As printed in the Des Moines Register on June 13, 2015:
As political candidates begin traveling across Iowa, they will no doubt be asked what action they will take on climate change. It’s important to help them remember that low-income, rural Americans are extremely vulnerable to the economic and health effects of a changing climate, and stand to benefit the most from investments in energy efficiency and renewable energy.
Rural communities feel the direct impacts of a changing climate. Farmers and ranchers adapt to extreme weather by necessity, rural grocery stores have higher electricity bills during heat waves, and small town infrastructure is stressed. Assistance and clean up from extreme weather events is especially difficult in rural areas because emergency services are already stretched thin.
Fortunately, a shift toward abundant, renewable energy like wind and solar power can help low-income people better handle fuel price fluctuations, and prevent sudden increases in their bills from coal or gas price spikes. Investments in renewables also create good-paying, skilled labor jobs in small towns. For example, a typical 80 megawatt wind farm can create 400 new jobs and generate up to $50.14 million for the local economy. In addition, these economic benefits from renewables don’t come at the expense of clean air and water.
More efficient use of electricity is a clear cut way of keeping electricity bills affordable for low-income rural Americans, while reducing the burden of rising electricity demand for rural electric cooperatives that serve rural communities. Rural electric cooperatives want to help their customers save money, and one of the best ways to do that is with energy efficiency — using less energy simply saves money for customers and the cooperative.
Low-income households have less flexibility to adapt quickly to the impacts of climate change. Those with low and fixed incomes lack sufficient resources to clean up from extreme weather events and they must absorb dramatic increases in electricity costs. They are also generally the most susceptible to the increased health risks — from asthma to heat stroke — associated with carbon pollution and climate change.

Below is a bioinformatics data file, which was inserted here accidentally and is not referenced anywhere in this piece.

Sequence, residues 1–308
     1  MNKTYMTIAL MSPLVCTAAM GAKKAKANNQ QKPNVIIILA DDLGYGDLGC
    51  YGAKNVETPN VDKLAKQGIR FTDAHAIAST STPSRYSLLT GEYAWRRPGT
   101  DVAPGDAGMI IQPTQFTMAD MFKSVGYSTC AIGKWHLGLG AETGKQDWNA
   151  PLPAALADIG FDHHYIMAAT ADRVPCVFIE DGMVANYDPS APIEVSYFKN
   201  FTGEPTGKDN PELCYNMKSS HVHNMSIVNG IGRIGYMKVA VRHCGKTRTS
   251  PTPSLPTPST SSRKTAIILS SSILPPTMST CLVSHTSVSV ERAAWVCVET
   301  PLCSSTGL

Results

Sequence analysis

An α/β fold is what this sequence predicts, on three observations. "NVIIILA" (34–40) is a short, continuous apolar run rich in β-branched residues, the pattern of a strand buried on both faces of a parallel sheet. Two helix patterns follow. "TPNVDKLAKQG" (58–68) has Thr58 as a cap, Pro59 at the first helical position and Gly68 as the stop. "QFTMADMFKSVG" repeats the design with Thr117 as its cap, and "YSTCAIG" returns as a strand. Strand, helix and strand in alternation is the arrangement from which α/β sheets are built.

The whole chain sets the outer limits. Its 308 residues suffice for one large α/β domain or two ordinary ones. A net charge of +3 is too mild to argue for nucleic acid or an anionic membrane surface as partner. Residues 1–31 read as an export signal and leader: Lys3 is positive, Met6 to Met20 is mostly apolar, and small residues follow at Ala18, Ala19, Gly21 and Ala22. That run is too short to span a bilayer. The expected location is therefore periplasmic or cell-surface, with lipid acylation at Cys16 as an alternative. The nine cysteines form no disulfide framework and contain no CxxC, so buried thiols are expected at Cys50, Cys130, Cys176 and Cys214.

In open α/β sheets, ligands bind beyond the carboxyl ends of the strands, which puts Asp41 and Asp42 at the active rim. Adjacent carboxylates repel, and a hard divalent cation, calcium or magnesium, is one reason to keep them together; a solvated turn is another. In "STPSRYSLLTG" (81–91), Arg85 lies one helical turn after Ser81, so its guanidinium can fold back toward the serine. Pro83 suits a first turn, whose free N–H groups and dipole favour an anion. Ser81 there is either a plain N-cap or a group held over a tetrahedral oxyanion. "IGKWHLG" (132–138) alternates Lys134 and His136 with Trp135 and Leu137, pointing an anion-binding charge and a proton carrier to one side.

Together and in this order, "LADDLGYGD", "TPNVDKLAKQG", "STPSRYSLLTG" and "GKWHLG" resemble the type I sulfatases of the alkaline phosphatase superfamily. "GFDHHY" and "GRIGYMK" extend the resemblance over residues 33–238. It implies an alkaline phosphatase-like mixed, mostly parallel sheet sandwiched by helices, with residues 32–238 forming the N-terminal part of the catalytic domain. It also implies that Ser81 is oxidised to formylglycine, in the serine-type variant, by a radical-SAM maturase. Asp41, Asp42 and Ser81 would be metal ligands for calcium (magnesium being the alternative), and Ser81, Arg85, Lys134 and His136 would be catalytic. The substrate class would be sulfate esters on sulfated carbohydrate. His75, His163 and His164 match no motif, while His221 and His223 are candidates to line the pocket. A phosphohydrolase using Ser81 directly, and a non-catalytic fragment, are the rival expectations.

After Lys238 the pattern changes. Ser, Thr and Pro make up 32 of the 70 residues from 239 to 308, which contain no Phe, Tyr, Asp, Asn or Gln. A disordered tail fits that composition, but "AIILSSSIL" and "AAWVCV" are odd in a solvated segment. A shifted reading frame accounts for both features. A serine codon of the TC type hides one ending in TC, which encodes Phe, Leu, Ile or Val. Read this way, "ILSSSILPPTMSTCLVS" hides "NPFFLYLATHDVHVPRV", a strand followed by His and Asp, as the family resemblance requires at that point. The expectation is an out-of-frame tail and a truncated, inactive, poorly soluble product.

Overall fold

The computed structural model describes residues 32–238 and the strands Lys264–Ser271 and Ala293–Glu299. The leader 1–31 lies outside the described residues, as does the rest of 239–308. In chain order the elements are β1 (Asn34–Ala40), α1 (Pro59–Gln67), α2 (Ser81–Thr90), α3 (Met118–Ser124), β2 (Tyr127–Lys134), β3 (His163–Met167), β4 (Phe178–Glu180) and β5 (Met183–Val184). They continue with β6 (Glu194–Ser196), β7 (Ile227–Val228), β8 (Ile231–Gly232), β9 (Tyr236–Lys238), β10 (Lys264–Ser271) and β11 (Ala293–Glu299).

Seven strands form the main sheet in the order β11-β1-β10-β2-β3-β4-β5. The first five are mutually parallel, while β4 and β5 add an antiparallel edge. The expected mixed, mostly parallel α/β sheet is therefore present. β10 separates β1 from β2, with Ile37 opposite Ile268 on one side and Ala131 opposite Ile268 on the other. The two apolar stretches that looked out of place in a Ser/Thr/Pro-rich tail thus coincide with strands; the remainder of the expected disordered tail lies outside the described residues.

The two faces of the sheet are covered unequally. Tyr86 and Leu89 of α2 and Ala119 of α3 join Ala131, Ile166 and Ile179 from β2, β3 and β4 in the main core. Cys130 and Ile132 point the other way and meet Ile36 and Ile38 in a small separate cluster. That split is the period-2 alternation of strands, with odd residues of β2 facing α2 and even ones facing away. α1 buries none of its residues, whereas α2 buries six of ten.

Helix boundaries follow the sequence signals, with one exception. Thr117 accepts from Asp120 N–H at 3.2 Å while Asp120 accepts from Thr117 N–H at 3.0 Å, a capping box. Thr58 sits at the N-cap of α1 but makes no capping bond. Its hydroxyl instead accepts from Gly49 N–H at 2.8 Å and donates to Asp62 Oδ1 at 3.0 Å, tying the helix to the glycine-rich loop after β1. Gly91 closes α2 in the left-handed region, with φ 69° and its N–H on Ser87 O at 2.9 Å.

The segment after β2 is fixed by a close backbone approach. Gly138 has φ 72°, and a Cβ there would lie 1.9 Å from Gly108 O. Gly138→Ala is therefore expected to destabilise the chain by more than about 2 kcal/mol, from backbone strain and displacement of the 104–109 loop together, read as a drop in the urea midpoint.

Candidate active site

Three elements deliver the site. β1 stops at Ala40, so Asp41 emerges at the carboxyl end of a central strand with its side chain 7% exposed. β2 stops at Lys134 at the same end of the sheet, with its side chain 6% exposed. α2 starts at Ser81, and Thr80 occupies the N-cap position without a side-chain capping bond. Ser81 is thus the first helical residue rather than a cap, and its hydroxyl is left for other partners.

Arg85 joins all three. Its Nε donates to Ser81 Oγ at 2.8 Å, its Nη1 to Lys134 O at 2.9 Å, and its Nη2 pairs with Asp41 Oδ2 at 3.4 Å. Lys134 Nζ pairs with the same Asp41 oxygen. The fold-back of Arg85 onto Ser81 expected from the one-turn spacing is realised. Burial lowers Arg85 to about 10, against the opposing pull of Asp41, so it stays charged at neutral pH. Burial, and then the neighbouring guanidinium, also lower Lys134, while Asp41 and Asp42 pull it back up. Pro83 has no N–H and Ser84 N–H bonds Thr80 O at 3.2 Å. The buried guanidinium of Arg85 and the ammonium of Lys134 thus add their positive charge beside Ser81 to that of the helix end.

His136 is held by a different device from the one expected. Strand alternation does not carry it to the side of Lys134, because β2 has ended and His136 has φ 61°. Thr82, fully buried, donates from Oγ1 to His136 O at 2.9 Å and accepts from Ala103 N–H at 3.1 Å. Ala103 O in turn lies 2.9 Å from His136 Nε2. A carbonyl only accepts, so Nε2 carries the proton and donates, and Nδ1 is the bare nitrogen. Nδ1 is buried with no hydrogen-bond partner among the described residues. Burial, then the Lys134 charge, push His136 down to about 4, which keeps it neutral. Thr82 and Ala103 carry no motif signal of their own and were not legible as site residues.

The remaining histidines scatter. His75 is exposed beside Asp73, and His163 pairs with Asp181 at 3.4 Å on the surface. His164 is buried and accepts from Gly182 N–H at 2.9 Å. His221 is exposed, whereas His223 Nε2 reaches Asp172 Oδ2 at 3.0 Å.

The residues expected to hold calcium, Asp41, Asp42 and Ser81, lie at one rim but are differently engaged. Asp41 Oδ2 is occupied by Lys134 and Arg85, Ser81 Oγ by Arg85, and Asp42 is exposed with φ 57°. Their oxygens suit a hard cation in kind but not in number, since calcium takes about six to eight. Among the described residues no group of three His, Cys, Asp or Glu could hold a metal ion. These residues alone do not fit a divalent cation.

Poverty is experienced at a higher rate in rural communities than in other communities. According to the U.S. Department of Agriculture, 17.7 percent of rural families fall below the federal poverty line, compared with 14.5 percent in the rest of the country. These households stand to benefit from lower energy bills fueled by more efficient energy use, and homegrown, renewable energy.
In fact, a new report from the Natural Resources Defense Council notes that while the average U.S. household spends 2.9 percent of its income on electricity bills, low-income households spend 8.3 percent. And the discrepancy is even greater in rural areas, where energy costs end up comprising a larger portion of rural households’ expenses.
To decrease the amount of carbon pollution we dump into the atmosphere, the U.S. EPA developed a national plan — the Clean Power Plan — to limit carbon emissions from power plants by 30 percent. According to the EPA, the Clean Power Plan can deliver unprecedented health benefits by preventing up to 150,000 asthma attacks in children, 3,300 heart attacks, 2,800 hospital admissions, 490,000 missed days of school and work and 6,600 premature deaths a year.
Furthermore, the Clean Power Plan is predicted to reduce electricity bills by an average of 8 percent by 2030, and that’s especially good news for those struggling and living paycheck to paycheck. An important part of achieving these reductions is making energy efficiency and renewable energy an integral component of Iowa’s state implementation plan.
In fact, Iowa wind has already blown away critics by demonstrating its potential to be a leader in economic growth. The state leads the nation in generation from wind energy, and is one of two states that have the entire supply chain for wind turbines. There are 14 factories in Iowa that make components of wind turbines, employing thousands of skilled workers and generating local economic benefits for communities.
Unfortunately, some of our nation’s leaders are trying to obstruct the Clean Power Plan and actively discourage states like Iowa from developing their own plans for implementation. Not only do these tactics put future generations at greater risk, they threaten to prevent rural Iowans from receiving the myriad benefits that will come with climate action and investment in clean energy and energy efficiency.
LAUREN KOLOJEJCHICK-KOTCH is an energy and climate program associate with the Center for Rural Affairs in Lyons, Neb. Contact: 402.687.2103